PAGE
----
- Java in a Nutshell: A Desktop Quick Reference
- I2C in a Nutshell
- Kubernetes and Virtual Kubelet in a nutshell
- Amazon Web Services (AWS) in Plain English
- Functors, Applicatives, and Monads in Plain English
- Software Licenses in Plain English
Because sometimes these complex topics feel like they’re described in a foreign language. Of course, if you don’t speak English that well, this type of article might not interest you. Maybe you need something like “X in Plain French”.
- Explain like I’m 5: DNS
- Explain functional programming to me like I'm five
- Explain it to me like I am a 5-year-old: What are Docker, Image, and Containers
Because sometimes plain English isn’t enough. Sometimes things need to be explained in the simplest terms possible.
Isn’t it great to know how long something will take ahead of time? Although if it’s anything like the estimated cooking times I see on recipes, it’ll probably take me twice as long.
- F# for Fun and Profit
- Distributed systems for fun and profit
- Tagging Docker Images for Fun and Profit
Who says you can’t have fun and make a profit?
- CSS Overrides: Friend or Foe?
- Const - Friend or Foe in C++?
- Local Variable Type Inference: Friend or Foe?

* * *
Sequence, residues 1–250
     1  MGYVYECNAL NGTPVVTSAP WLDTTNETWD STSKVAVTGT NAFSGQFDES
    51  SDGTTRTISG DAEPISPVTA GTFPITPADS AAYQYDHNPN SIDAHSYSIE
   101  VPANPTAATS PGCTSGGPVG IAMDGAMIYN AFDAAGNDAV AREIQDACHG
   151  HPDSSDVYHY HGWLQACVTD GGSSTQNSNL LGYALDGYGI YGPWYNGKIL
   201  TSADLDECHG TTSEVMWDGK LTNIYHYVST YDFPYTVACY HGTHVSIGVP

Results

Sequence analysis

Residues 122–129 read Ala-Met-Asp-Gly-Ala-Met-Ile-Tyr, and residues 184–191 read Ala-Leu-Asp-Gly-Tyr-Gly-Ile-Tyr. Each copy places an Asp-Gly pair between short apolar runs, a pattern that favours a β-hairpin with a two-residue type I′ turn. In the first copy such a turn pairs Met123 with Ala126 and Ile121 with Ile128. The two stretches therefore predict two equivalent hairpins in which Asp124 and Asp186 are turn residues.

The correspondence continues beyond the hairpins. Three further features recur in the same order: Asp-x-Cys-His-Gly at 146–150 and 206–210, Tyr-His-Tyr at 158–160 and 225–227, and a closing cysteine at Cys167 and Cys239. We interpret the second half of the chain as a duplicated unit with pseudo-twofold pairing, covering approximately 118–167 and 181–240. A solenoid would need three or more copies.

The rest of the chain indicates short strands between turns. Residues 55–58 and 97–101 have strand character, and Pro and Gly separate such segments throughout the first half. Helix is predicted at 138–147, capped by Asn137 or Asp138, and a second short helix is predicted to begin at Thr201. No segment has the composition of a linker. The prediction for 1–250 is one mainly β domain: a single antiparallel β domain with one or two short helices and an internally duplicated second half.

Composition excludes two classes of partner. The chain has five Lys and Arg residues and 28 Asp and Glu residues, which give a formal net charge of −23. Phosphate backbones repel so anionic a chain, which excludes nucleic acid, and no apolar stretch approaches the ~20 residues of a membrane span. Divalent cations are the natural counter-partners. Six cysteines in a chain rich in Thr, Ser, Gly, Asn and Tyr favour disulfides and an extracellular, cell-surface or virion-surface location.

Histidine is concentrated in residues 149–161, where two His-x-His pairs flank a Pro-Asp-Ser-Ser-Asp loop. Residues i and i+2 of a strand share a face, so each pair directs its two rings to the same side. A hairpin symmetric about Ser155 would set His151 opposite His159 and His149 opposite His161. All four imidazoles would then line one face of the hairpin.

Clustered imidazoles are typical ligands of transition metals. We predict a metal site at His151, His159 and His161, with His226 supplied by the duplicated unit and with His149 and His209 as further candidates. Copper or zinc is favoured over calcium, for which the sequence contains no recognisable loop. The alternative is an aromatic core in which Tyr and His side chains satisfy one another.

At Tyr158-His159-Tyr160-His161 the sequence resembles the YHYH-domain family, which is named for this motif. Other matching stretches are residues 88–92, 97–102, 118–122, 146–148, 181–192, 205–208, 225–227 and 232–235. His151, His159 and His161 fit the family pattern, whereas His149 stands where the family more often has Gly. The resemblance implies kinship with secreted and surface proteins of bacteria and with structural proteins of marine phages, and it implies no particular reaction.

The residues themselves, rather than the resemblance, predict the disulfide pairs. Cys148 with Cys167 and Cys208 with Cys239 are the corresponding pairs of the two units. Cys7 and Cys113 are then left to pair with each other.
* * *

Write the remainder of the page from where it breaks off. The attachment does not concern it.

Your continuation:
Friend or foe… what about a frienemy?
- git log – the Good Parts
- AngularJS: The Bad Parts
If you’re feeling edgy or wanna be controversial.
- PostgreSQL Search: From the Trenches
- Kotlin From The Trenches
- 10 best sysadmin stories from the trenches
- Vault Configuration as Code via Terraform: Stories From the Trenches at Hippo Technologies
Because code is war.
- The Life of a Data Byte
- The Life of a Packet Through Consul Service Mesh
- The Life of a Serverless Microservice on AWS
Because code is life.
- The Art of Writing Scripts for CI/CD
- The Art of the Error Message
- The Art of Assembly Language
- The Art of Interrupting Software Engineers
For those topics that are more of an art than a science.
- Front-End Performance Checklist 2020
- API Security Checklist
- Rust Language Cheat Sheet
- Shell Script Brackets Cheat Sheet
- From C to C++: A quick reference for aging programmers
- Linux Quick Reference Guide
Once you already know something but don’t want to have to remember every detail, that’s when you want a quick reference or checklist. Make one of those for a topic where one is badly needed and you’ll get plenty of views with a simple title like these.
- Learn You a Haskell for Great Good!
- Learn You Some Lisp for Great Good
- Learn You Some Erlang for Great Good!
- Learn You an Elm
I don’t know where this weird phrase comes from, but it’s truly a thing. If you know, tell me in the comments. Does it have something to do with the syntax of functional programming?
Well I hope that wasn’t a total waste of your time. Now, as conference seasons approach and you have some time to work on talk submissions or blog posts, this list can give you some ideas for the title of your content or maybe even inspire the topic you choose to cover.